Hydrogen peroxide induces Sp1 methylation and thereby suppresses cyclin B1 via recruitment of Suv39H1 and HDAC1 in cancer cells.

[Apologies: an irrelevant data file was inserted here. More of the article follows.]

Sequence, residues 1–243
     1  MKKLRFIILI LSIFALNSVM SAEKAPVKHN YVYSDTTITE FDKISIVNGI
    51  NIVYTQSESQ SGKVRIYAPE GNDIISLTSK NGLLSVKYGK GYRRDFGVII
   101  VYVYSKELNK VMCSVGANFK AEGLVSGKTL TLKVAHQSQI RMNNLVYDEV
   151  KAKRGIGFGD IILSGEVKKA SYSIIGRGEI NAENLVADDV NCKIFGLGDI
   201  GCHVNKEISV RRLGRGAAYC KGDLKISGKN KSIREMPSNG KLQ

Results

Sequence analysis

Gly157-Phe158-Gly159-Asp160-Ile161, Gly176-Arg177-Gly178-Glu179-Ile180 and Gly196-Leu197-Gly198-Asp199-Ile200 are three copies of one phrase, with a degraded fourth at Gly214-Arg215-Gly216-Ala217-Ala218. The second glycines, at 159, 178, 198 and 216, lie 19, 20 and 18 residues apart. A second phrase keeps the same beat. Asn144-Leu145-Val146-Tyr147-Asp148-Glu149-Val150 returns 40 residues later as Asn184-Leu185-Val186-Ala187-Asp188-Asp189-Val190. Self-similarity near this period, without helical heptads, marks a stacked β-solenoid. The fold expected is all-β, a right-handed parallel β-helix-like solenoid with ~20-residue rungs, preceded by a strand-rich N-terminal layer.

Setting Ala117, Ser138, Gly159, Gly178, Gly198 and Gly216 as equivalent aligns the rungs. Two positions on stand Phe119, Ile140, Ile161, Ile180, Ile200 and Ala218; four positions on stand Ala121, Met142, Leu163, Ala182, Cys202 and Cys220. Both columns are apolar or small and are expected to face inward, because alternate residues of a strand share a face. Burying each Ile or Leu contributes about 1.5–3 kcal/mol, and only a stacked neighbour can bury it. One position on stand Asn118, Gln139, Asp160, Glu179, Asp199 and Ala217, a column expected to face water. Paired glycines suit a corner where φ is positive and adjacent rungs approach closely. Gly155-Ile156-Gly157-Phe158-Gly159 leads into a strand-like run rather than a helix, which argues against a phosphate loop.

Sp1 is an important transcription factor for a number of genes that regulate cell growth and survival. Sp1 is an anchor protein that recruits other factors to regulate its target genes positively or negatively, but the mechanism of its functional switch by which positive or negative coregulators are recruited is not clear. In this study, we found that Sp1 could be methylated and that methylation was maintained by treatment with pargyline, a lysine-specific demethylase 1 (LSD1) inhibitor or knock LSD1 down directly. Hydrogen peroxide treatment increased the methylation of Sp1 and repressed Sp1 transcriptional activity. Investigation of the mechanism by which methylation decreased Sp1 activity found that methylation of Sp1 increased the recruitment of Su(var) 3-9 homologue 1(Suv39H1) and histone deacetylase 1 (HDAC1) to the cyclin B1 promoter, resulting in deacetylation and methylation of histone H3 and subsequent downregulation of cyclin B1. Finally, downregulation of cyclin B1 led to cell cycle arrest at the G2 phase. These results show that methylation of Sp1 causes it to act as a negative regulator by recruiting Suv39H1 and HDAC1 to induce chromatin remodeling. This finding that methylation acts as a functional switch provides new insight into the modulation of Sp1 transcriptional activity. Copyright © 2011 Elsevier Inc. All rights reserved.